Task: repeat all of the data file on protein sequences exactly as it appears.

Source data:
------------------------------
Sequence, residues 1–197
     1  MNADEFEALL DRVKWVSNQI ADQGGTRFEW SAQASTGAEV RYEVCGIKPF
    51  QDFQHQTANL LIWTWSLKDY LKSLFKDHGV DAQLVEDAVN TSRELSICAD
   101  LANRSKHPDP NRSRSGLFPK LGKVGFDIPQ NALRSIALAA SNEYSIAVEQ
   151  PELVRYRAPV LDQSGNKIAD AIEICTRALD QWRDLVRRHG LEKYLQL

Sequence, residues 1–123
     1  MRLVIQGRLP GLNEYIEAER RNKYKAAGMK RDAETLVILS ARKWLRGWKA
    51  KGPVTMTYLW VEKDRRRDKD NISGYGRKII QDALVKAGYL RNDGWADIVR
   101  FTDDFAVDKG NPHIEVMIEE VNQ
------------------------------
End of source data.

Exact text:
Sequence, residues 1–197
     1  MNADEFEALL DRVKWVSNQI ADQGGTRFEW SAQASTGAEV RYEVCGIKPF
    51  QDFQHQTANL LIWTWSLKDY LKSLFKDHGV DAQLVEDAVN TSRELSICAD
   101  LANRSKHPDP NRSRSGLFPK LGKVGFDIPQ NALRSIALAA SNEYSIAVEQ
   151  PELVRYRAPV LDQSGNKIAD AIEICTRALD QWRDLVRRHG LEKYLQL

Sequence, residues 1–123
     1  MRLVIQGRLP GLNEYIEAER RNKYKAAGMK RDAETLVILS ARKWLRGWKA
    51  KGPVTMTYLW VEKDRRRDKD NISGYGRKII QDALVKAGYL RNDGWADIVR
   101  FTDDFAVDKG NPHIEVMIEE VNQ